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By Martin Pitchon on Jan. 7 2014
Format: DVD Verified Purchase
Bad sound though. The singers are amazing, a pity the sound is not clear enough. If you are not expecting a wonderful sound, i recommend this version. Martin
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Most Helpful Customer Reviews on Amazon.com (beta)

Amazon.com: 48 reviews
204 of 210 people found the following review helpful
AT LAST -- A MUST BUY July 15 2007
By Archie (Ottawa Canada) - Published on Amazon.com
Format: DVD Verified Purchase
"Tristan Und Isolde" is doubtless one of the greatest operas ever written. Unfortunately it has been very badly served by the currently available productions on DVD.

The Nilsson/Vickers from Orange is ruined (as usual from Kultur) by a very poor technical production and design.

The Heppner/Eaglen from the Met has two principals who cannot act convincingly; although Heppner can really sing the part. Eaglen's voice leaves a great deal to be desired and her physical limitations prevent her from much in the way of physical action. Neither of them look even remotely the way I am sure most of us have pictured Tristan and Isolde to have looked.

The West/Meier from Munich is a travesty. The setting is just plain stupid, given what the text calls for; and West not only fails to sing convincingly, but he cannot act and looks even less like Tristan than Heppner. What is so frustrating is the waste of Waltraud Meier who has the acting and singing ability and the looks; and the waste of Kurt Moll who is a superb King Marke.

The Treleaven/Polaski from Barcelona is also spoiled by a silly production and less than stellar singing from the principals. They are the same cast as was used in the Barcelona Kupfer II "Ring", and I truly hated Treleaven and Struckmann there, as well as here.

I am writing this review now, despite not having seen this production for almost a year (since I found out that it would be rereleased as a DVD), because I want to share my great enthusiasm for it. It is based on my recollection of my much cherished Video. I have waited a long time for this rerelease as a DVD, and I am sure that DGG, unlike Kultur, have done their usual great technical transfer. It is a Bayreuth production from the early 1980's.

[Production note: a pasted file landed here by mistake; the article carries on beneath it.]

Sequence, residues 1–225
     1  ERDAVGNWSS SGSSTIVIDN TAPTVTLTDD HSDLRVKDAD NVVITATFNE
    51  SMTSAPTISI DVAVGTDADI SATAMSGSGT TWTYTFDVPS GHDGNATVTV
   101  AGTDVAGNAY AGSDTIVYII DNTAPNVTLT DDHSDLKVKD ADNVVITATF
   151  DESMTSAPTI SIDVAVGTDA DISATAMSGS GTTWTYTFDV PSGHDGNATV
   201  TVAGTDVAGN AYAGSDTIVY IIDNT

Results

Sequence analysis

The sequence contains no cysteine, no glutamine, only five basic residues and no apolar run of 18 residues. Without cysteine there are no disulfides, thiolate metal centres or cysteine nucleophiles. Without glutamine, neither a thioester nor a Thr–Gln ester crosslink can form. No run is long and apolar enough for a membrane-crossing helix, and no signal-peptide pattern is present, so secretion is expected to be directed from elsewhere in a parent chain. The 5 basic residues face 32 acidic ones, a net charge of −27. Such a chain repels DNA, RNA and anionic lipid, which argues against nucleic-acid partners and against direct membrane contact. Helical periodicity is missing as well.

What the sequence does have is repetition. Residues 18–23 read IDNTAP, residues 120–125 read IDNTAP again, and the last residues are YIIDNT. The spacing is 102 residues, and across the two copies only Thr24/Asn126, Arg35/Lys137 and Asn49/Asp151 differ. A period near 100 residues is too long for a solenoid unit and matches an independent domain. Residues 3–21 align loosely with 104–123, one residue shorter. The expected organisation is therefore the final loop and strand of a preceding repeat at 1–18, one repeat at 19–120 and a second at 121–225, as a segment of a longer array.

Jean-Pierre Ponnelle has designed a simple, but effective non-gimmicky set. The first act takes place on the deck of a stylised sailing ship, the second in the woods under a huge full canopied tree, and the third under a dead, split, blasted tree. The direction is tight and, with one notable exception at the end, is true to the text. I will not give it away other than to remark that up to then it was such a straight interpretation that Ponnelle probably could not resist putting at least some personal twist to it. Mind you, considering what was going on with Mathilda Wesendonck at the time, perhaps this is what Wagner might have subconsciously intended.

Under the conducting of Daniel Barenboim, the music is splendidly interpreted. It is clear, layered, and exciting. This certainly came across on my video, and I am sure that in surround sound it will be even better.

And the acting and singing and appearance of all the characters is an unalloyed joy. René Kollo as Tristan, Matti Salminen as King Marke, Hermann Becht as Kurwenal and Hanna Schwartz as Brangane.

However, this is a tour de force by Johanna Meier. She embodies all that I had pictured Isolde to be. She is beautiful, she sings -- my God, she sings -- and she expressively acts with the grace of a dancer. So far as I know, this is the only recording of her. What a loss.

For fear of getting even more carried away, I had better stop here; other than to state that I wish I could give it more than five stars.